29 Clement of Alexandria seems to have gone much further—too far—in this direction. ‘His main concern is to meet the pagan critic who scorns faith as an unreasoning opinion formed without proper consideration … Clement replies, first, that all argument has to take something for granted, and faith in religious knowledge is analogous to those initial postulates which make subsequent discussion possible’ (Chadwick, Henry, Early Christian Thought and the Classical Tradition: Studies in Justin, Clement, and Origen (Oxford: Clarendon Press, 1966), 52)Google Scholar. Chadwick cites Clement's Strōmateis, ii, 13, 4; vii, 95; viii, 6–7; and Ek tōn prophētikōn eklogai, 4, 2.
30 For a classic presentation of this attitude, see Augustine, Epistula CXX, ii, 12: ‘And if … the human, rational, intellectual soul, which was made in God's image, does not elude our thought and understanding, if by mind and understanding we can grasp its excellence, … it may not be absurd for us to try to raise our soul to understanding its creator as well, with his help. But if it fails in this and falls back on itself, let it be content with devout faith as long as it is wandering, absent from the Lord.’
31 Retractationes I, ix, 1.
32 De ordine II, ix, 26.
33 De vera religione, xxiv, 45.
34 De utilitate credendi, xiv, 31.
35 Augustine's remonstrations with Consentius provide an illustration of this attitude: ‘you say that you have laid down a principle for yourself that truth must be perceived on the basis of faith rather than on the basis of reason. … See, then, whether in accordance with those words of yours you should not follow only the authority of the saints in this matter [the doctrine of the Trinity] on which our faith is chiefly founded, rather than asking me to make it understandable to you by reason. For when I begin to lead you into the understanding of so great a mystery in any way at all (something I will be able to do only if God helps from within), all I will be doing in discussing it is giving you such reasons as I can’ (Epistula CXX i, 2).
36 Quaestiones disputatae de mysterio trinitatis (Quaracchi edn. V, 45–115) was written probably around 1256, near Bonaventure's departure from the University of Paris to take up his duties as General of the Franciscan Order. It has been translated by Hayes, Zachary, OFM, Saint Bonaventure's Disputed Questions on the Mystery of the Trinity: An Introduction and Translation (St Bonaventure, NY: The Franciscan Institute, 1979)Google Scholar. For historical data, the place of this treatise in Bonaventure's work, and a good deal of valuable background information, see Hayes's detailed Introduction.
37 Here are the Theses of the other articles. Q. 3, a. 1: ‘The divine being (esse) is supremely simple’; a. 2: ‘The Trinity of the Persons does not do away with supreme simplicity, nor does supreme simplicity exclude trinity’; q. 4, a. 1: ‘Because the divine being and capability (posse) is supremely simple it is infinite (in so far as “infinite” rules out a limit to the quantity of power [virtus])’; a. 2: ‘In God supreme infinity is compatible with the Trinity of the Persons’; q. 5, a. 1: ‘The divine being is eternal because it is simple, all at once, and infinite’; a. 2: ‘Necessarily, the Trinity of the Persons is compatible with eternality’; q. 6, a. 1: ‘The divine being is altogether immutable’; a. 2: ‘The Trinity of the Persons is compatible with supreme immutability’; q. 7, a. 1: ‘The divine being is necessary with the absolutely perfect necessity of immutability’; a. 2: ‘The necessary and supremely free divine being is compatible with the Trinity of the Persons’.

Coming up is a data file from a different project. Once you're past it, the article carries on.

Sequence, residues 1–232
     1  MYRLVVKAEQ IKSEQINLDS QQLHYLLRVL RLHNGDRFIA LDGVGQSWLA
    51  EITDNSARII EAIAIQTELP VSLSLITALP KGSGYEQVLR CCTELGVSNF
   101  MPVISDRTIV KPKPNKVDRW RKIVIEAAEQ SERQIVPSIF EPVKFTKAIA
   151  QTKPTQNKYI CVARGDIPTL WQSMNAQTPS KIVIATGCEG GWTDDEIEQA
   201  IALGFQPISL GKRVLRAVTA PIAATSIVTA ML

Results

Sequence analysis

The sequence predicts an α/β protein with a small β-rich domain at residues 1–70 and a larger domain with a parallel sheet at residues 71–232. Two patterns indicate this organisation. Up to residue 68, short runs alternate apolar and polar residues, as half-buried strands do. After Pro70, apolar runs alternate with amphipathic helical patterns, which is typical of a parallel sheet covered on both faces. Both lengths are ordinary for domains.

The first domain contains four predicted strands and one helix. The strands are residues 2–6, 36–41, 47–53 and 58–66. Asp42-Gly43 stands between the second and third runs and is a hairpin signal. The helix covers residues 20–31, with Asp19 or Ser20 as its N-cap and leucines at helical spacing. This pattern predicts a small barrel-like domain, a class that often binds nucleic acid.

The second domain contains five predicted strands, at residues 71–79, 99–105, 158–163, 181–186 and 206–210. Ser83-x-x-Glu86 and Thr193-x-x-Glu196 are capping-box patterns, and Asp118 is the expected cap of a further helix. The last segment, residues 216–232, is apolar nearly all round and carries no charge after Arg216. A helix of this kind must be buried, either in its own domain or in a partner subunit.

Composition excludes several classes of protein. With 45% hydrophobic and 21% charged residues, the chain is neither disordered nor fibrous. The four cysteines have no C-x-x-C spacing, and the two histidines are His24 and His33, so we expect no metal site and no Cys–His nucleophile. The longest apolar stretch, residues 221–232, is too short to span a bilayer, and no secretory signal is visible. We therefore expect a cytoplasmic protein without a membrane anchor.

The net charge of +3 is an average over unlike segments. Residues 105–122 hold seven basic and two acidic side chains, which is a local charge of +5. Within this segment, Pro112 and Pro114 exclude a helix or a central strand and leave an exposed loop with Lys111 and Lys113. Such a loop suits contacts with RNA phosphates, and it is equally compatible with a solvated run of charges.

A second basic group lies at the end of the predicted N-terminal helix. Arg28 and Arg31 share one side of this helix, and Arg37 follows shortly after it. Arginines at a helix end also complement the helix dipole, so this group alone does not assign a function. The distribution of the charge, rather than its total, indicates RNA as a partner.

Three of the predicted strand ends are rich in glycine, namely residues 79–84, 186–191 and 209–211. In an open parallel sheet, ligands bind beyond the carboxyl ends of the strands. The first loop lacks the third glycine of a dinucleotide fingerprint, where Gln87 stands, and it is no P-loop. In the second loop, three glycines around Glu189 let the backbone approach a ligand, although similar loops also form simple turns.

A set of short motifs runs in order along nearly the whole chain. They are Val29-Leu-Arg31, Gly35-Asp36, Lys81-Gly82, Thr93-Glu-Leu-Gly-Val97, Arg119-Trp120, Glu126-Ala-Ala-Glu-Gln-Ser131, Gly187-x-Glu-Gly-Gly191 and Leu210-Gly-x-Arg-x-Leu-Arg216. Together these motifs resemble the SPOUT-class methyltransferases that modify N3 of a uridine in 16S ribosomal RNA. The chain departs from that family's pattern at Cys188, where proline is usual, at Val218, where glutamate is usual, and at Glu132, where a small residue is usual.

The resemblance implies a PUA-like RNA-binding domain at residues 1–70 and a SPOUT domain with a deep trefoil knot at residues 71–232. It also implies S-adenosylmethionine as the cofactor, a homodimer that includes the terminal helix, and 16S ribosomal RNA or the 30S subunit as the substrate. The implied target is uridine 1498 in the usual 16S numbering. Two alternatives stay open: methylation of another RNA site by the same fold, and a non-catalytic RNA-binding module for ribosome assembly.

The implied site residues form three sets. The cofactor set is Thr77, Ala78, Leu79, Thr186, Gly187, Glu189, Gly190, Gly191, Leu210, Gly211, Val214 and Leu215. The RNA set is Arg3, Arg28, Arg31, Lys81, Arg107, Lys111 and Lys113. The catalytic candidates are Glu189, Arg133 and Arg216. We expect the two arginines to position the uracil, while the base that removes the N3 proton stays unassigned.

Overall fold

38 Q. 1, a. 2, occupies pp. 51–58 of Vol. V of the Quaracchi edition. My references to short, numbered units of the article will be clear without further detail. In other cases I will attach page and line numbers to the quoted passages.
39 Arguments A1–A8, those in support of characterizing trinity as a proposition one is obliged to believe, are all based primarily on authoritive pronouncements on requirements for salvation, each of which is said to imply believing trinity. Perhaps the clearest example is Al, which combines the trinitarian formula of baptism in Matthew 28:19 with Mark 16:16, ‘He that believeth and is baptized shall be saved; but he that believeth not shall be damned’.
40 It is worth noting that in A9, as occasionally elsewhere in q. 1, a. 2, the proposition explicitly at issue is not merely ‘God is three’, but ‘God is three and one’.
41 The only evidence of trinity's credibility offered in these arguments besides the claim that belief in trinity is a necessary condition for salvation is added in A3, which also points out ‘the danger in going wrong’ in an inquiry into trinity. That could look like an argument for remaining content with mere belief if it were not tied to a quotation from Augustine's De trinitate I, iii, 5: ‘When one inquires into the unity of the Trinity—of the Father, the Son, and the Holy Spirit—nowhere is it more dangerous to go wrong, more difficult to inquire, or more rewarding to discover something’.